Bowe Bergdahl

Reports: Bowe Bergdahl seeks presidential pardon before Obama leaves office

Sgt. Bowe Bergdahl, right, arriving for a hearing at Fort Bragg, N.C., in July.
Sgt. Bowe Bergdahl, right, arriving for a hearing at Fort Bragg, N.C., in July. AP/The Fayetteville Observer

Army Sgt. Bowe Bergdahl, the Idaho soldier who was captured by the Taliban after he left his post in Afghanistan and was held for five years, has requested a pardon from President Barack Obama, according to news reports Friday.

The New York Times and Fox News reported the request, saying Berghdahl's letter thanked Obama for rescuing him in a controversial 2014 trade for five Taliban prioners who were held in Gitmo. The Secretary of the Army was copied on the letter to the president, but the pardon was not formally requested through the military chain of command, the New York Times reports.

A Justice Department official confirmed receiving a pardon petition from Bergdahl. Pentagon and White House officials would not immediately respond for comment, and Bergdahl’s attorney would not comment, the Times reports. Fox News reported the pardon request was confirmed by two senior U.S. officials.

Bergdahl, who grew up in Hailey, has been assigned to Fort Sam Houston since his May 2014 return to the U.S., awaiting a military trial on charges of desertion and misbehavior before the enemy. He could face up to life in prison.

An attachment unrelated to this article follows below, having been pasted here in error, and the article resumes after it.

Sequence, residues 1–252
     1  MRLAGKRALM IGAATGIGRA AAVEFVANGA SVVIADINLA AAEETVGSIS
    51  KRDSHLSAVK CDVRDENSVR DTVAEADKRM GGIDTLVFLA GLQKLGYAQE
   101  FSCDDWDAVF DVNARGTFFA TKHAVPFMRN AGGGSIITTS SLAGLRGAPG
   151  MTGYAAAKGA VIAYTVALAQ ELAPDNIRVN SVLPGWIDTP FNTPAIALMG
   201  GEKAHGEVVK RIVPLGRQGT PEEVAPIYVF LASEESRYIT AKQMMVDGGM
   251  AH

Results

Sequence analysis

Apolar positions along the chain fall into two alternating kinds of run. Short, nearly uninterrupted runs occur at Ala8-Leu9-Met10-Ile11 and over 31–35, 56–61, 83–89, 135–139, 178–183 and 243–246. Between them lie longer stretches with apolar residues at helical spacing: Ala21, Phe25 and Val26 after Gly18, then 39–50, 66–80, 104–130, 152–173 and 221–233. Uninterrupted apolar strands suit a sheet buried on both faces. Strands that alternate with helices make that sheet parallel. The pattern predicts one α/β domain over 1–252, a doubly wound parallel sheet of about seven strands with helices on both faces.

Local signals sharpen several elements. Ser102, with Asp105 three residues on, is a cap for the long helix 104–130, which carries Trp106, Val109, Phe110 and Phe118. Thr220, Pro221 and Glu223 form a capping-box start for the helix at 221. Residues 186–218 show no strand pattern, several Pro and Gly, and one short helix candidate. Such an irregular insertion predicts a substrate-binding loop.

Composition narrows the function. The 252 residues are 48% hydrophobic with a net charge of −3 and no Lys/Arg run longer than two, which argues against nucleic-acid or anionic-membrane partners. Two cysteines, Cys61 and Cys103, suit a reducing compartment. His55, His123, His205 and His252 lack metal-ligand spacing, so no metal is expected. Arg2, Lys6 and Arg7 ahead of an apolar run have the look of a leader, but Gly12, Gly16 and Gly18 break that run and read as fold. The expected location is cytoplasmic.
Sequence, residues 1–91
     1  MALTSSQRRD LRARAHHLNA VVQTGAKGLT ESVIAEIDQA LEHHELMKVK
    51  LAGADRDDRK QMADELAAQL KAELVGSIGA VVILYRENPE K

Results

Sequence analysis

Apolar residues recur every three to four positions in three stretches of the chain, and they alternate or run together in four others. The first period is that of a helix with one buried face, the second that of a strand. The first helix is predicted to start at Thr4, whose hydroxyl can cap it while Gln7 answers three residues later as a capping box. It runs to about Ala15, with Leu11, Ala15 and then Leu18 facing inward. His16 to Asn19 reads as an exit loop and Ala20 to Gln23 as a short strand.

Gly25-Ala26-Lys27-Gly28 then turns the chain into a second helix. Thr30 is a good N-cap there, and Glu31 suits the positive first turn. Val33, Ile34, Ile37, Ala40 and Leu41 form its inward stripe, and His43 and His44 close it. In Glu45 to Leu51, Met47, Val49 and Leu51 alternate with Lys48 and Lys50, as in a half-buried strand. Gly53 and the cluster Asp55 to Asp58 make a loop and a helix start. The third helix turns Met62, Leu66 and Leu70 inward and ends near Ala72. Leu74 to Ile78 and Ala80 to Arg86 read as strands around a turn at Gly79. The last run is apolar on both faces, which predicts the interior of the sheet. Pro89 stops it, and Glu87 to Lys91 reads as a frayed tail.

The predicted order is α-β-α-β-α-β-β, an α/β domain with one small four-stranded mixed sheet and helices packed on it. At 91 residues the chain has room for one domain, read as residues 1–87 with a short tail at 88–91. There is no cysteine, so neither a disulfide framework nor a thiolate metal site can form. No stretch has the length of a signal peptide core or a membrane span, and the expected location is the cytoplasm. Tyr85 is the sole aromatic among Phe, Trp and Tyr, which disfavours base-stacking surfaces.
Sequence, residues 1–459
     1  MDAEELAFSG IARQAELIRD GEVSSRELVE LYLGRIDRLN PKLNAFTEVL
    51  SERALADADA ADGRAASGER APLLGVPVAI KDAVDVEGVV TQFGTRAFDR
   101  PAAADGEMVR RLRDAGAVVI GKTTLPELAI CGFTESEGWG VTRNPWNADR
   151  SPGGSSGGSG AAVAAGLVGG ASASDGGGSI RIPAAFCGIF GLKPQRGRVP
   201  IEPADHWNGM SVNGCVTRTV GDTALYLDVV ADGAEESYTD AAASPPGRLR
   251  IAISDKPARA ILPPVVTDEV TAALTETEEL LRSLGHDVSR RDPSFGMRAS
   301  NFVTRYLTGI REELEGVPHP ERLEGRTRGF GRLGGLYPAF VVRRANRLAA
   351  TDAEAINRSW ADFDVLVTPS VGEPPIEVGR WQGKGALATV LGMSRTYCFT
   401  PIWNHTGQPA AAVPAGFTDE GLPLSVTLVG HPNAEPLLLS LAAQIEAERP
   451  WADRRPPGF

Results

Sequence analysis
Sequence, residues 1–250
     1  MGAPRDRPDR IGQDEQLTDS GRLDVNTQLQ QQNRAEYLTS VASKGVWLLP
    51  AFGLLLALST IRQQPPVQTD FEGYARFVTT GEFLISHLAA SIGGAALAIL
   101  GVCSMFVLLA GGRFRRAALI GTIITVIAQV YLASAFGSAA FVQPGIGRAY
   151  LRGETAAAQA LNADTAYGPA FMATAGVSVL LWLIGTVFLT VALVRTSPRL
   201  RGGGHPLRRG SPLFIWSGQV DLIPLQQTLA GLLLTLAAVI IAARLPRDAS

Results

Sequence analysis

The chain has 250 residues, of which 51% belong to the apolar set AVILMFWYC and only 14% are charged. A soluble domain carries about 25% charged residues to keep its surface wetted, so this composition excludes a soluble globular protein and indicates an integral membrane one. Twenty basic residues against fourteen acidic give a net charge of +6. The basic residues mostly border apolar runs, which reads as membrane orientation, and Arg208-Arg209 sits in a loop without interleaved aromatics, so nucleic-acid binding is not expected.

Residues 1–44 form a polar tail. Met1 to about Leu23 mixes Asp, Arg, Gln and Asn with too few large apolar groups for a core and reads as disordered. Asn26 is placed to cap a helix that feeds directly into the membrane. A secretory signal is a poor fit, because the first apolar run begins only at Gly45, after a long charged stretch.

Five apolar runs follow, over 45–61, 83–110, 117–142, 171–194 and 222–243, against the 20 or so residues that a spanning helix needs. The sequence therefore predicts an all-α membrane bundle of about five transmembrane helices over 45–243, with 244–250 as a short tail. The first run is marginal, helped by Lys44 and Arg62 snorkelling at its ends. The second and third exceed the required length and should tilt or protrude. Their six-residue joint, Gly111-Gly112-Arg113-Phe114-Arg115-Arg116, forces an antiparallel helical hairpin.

His court-martial trial is set for next spring at Fort Bragg, NC.

A pardon from Obama would resolve Bergdahl's situation before president-elect Donald Trump takes office. Trump has referred to Bergdahl as “a no-good traitor who should have been executed.”

After the presidential election, Bergdahl’s legal team submitted copies of a clemency application to the White House, the Justice Department and the Pentagon, White House and Justice Department officials. It requested a pre-emptive pardon that would avert Bergdahl’s court-martial trial on charges of desertion and misbehavior before the enemy that endangered fellow soldiers, the Times reports.

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